With sanctions imposed on Iranian oil exports, the Islamic Republic is having a hard time finding international buyers, and has stepped up its efforts to smuggle crude out of the country, officials and experts told Diyaruna.
During the first half of this year, Iran's oil exports dropped from three million to less than 500,000 barrels a day as a result of the sanctions.
But it seems the regime does not expect its exports to reach zero, experts said, even as supply exemptions granted by the US to several countries have been cancelled, depriving Iran of more than $10 billion in annual oil revenues.
"The Iranians have repeatedly announced they will be looking into any means possible to circumvent the sanctions," al-Mustansiriya University political science teacher Issam al-Fayli told Diyaruna.
"There is no doubt that they have resorted to smuggling in order to provide their allies in the region with oil, particularly the Syrian regime," he said.
"Oil shipments that were smuggled from Iran to Syria in May confirm the former's intent to defy the international community, even if that comes at a high price," he added.
In early June, commercial satellite imagery from Tanker Trackers, which reports shipments and storage of crude oil in several areas of interest, showed that five Iranian tankers had arrived at the Syrian port of Baniyas since early May.
Each ship delivers about a million barrels of oil, currently worth more than $60 million, according to a June 11th report in the Wall Street Journal.
Iran wants to kill two birds with one stone, al-Fayli said, as it is seeking oil revenues from Syria, even if payments are delayed, while at the same time helping the Syrian regime to ease internal pressure from fuel shortages.
Iran knows the danger of growing popular discontent against the Syrian regime on its interests in the region, he said, noting that it is in Tehran's interest to protect the regime of Bashar al-Assad and prevent it from collapse.
By supporting the Syrian regime with oil exports and through other means, it seeks to ensure Syria remains part of the so-called "resistance axis", he said.
Involvement of Iran-backed Iraqi militias
Some media outlets have reported that Tehran has been using a new smuggling mechanism through which Iran-backed Iraqi militias move Iranian oil to Iraq's Basra port, which is then shipped onwards via tankers as if it is Iraqi oil.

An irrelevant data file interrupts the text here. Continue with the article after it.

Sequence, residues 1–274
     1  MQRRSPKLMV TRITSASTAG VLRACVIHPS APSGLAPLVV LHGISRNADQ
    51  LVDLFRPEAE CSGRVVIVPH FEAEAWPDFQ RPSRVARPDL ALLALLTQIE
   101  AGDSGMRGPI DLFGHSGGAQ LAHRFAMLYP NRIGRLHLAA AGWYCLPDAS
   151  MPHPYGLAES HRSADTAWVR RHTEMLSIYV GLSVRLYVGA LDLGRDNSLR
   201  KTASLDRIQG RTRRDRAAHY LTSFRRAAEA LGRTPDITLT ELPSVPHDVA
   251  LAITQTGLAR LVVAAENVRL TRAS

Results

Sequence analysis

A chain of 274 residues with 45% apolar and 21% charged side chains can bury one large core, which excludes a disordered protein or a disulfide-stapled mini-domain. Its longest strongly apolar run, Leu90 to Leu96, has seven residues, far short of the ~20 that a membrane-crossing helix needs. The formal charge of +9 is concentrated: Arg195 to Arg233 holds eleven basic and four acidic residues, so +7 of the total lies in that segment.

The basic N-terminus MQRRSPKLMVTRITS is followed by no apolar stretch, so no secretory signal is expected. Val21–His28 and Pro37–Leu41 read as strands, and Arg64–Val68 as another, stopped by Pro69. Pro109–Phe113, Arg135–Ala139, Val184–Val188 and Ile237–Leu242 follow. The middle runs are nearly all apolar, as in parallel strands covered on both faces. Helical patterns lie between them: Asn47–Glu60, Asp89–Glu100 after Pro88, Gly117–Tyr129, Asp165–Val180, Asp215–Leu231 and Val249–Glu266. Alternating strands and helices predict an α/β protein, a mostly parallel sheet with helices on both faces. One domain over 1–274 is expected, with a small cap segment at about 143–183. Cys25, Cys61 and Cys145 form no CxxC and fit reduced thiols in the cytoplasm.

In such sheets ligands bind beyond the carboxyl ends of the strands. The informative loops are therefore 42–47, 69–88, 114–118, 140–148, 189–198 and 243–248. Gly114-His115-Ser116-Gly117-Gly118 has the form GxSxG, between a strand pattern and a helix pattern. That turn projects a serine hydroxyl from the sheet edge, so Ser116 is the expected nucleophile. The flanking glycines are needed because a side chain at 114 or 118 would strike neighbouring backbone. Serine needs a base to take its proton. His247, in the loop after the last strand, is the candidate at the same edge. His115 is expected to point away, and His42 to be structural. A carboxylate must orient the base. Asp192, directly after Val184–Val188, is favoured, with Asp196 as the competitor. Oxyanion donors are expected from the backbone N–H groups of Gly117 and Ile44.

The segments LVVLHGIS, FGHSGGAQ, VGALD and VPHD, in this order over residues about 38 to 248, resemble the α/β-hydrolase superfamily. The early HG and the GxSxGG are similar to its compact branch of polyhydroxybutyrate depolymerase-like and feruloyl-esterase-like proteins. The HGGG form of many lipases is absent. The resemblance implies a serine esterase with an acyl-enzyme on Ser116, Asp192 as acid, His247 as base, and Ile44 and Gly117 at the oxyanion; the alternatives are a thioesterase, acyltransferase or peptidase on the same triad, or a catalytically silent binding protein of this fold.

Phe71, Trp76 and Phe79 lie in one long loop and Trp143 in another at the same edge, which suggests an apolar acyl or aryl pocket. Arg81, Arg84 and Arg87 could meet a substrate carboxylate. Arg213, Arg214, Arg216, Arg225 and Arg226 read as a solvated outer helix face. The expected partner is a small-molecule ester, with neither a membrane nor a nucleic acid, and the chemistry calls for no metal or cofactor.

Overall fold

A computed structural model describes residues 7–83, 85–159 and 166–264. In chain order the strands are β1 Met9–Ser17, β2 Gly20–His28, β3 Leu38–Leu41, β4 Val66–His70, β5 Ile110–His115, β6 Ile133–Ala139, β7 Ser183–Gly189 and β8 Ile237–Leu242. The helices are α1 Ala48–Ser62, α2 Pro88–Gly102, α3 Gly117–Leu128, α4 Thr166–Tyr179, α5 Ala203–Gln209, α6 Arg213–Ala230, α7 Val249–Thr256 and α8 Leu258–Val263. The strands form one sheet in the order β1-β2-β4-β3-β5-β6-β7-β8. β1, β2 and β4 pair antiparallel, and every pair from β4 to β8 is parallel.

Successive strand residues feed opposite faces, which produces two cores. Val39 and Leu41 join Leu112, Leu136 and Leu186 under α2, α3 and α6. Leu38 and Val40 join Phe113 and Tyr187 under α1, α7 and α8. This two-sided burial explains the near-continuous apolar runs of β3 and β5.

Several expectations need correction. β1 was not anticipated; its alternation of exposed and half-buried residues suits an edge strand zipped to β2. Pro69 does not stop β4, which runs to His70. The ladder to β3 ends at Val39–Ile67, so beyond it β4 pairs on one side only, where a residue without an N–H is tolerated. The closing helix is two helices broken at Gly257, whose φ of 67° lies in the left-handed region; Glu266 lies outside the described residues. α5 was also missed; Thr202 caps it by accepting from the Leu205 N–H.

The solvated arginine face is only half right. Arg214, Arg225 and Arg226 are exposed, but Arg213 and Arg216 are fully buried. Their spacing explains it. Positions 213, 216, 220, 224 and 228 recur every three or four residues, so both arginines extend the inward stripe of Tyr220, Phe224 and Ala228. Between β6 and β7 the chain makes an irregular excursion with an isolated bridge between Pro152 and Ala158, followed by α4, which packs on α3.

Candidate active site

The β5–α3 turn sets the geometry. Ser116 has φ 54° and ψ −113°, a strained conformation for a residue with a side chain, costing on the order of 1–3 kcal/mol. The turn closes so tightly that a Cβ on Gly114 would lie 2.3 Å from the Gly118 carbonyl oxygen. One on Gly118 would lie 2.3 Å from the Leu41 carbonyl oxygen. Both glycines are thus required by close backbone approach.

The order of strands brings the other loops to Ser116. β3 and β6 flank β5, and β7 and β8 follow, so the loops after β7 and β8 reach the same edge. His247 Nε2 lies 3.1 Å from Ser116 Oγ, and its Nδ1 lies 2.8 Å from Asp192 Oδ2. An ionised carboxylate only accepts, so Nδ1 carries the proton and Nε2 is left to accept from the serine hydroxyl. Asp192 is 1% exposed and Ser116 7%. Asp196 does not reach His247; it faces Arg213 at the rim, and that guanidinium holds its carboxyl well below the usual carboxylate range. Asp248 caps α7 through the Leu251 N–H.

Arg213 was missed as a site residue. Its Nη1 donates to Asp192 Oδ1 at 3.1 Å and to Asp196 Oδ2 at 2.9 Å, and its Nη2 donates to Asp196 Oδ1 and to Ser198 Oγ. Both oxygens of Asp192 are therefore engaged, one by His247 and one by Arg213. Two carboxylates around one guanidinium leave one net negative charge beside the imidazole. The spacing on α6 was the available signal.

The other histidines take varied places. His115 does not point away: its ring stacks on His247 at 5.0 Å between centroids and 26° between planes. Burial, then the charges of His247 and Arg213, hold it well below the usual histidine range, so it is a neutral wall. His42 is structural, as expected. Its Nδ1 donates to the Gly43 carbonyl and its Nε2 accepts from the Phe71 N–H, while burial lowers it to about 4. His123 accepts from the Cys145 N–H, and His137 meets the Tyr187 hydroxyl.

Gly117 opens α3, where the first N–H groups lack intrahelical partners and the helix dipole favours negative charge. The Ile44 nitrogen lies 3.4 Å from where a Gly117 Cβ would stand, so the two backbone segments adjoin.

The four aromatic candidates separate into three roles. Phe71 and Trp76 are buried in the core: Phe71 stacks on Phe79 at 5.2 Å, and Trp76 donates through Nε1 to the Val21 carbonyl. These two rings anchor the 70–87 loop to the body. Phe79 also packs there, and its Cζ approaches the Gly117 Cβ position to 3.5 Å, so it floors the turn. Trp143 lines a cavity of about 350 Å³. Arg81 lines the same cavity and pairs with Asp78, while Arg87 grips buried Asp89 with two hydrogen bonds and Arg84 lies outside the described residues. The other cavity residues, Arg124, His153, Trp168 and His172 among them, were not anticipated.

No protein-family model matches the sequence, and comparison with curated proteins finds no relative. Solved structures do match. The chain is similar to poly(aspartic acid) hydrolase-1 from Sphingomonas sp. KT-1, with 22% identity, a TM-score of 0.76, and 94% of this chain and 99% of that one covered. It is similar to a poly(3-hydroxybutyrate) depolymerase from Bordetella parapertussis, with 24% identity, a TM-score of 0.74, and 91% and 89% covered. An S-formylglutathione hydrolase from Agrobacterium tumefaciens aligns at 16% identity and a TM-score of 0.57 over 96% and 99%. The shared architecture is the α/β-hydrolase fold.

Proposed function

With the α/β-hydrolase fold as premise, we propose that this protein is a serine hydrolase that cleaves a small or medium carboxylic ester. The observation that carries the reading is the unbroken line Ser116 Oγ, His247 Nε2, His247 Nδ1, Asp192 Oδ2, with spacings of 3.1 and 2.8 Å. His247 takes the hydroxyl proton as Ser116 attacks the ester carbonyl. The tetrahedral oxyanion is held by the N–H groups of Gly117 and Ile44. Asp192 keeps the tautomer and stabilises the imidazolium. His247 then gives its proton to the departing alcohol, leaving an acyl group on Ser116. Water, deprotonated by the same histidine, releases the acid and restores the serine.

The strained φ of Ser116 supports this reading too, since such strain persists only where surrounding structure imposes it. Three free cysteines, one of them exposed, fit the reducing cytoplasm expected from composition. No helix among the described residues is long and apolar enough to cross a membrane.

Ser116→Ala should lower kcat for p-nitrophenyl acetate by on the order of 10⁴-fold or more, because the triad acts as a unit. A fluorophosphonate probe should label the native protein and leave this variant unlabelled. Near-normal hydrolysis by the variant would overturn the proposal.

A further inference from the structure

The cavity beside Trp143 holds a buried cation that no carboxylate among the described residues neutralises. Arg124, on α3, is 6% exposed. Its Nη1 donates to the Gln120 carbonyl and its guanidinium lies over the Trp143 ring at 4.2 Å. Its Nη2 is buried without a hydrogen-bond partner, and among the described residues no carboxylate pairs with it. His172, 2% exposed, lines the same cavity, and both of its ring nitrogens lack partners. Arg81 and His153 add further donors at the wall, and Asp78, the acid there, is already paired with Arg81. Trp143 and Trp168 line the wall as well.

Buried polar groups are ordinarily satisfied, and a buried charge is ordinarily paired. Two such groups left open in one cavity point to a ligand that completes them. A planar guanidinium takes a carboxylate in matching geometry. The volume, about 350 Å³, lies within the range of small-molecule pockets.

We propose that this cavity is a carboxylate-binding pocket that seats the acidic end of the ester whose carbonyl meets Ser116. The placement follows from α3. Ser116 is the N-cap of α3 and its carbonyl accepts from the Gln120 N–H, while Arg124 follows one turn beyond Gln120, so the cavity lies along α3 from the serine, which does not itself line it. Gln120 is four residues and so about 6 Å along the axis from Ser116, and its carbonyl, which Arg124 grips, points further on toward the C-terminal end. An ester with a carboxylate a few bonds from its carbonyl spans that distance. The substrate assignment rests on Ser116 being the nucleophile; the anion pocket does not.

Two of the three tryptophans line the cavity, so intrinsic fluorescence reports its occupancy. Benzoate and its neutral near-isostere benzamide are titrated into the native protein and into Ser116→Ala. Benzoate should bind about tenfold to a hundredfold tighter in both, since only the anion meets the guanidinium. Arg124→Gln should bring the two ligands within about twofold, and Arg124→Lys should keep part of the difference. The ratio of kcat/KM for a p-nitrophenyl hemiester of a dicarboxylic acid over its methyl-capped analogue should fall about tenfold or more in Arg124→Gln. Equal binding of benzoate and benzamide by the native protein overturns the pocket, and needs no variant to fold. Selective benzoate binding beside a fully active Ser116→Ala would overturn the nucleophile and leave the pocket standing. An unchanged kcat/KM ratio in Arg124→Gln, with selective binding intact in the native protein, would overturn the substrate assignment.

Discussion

In this way, al-Fayli said, Iran has managed to reap "millions of dollars in oil revenues".
"The [Iran-backed] Iraqi militias are doing everything they can to demonstrate their unwavering loyalty to the Islamic Revolutionary Guard Corps (IRGC)," Iraqi journalist and author Ziyad al-Sinjari told Diyaruna.
Through such actions, he said, these militias are damaging the Iraqi economy and thrusting Iraq into the eye of the storm.
Iran brought the sanctions upon itself, he said, as a result of its policies and interference in the affairs of other countries.
"Iraqi territory and interests are now being taken advantage of by the Iranian regime because of these groups that are deliberately hurting the Iraqis and violating the sovereignty of their country," he added.
Political analyst and former Iraqi MP Taha al-Lahibi told Diyaruna he thinks it is not unlikely that Iran-backed Iraqi militias are smuggling oil from Iran to Syria via tankers, and onwards to other agents and black market dealers.
Agents of these militias that have infiltrated Iraqi state institutions are playing a major role in both smuggling oil into Iraq from Iran and flooding the Iraqi market with other Iranian goods, al-Lahibi said.
He pointed to recent media reports that accused Iran loyalists of "giving infrastructure contracts across a variety of economic sectors to entities that are secretly tied to the IRGC and pumping money into its coffers".
By helping Iran at the expense of the interests and future of the Iraqi people, these militias are "playing with fire", he said.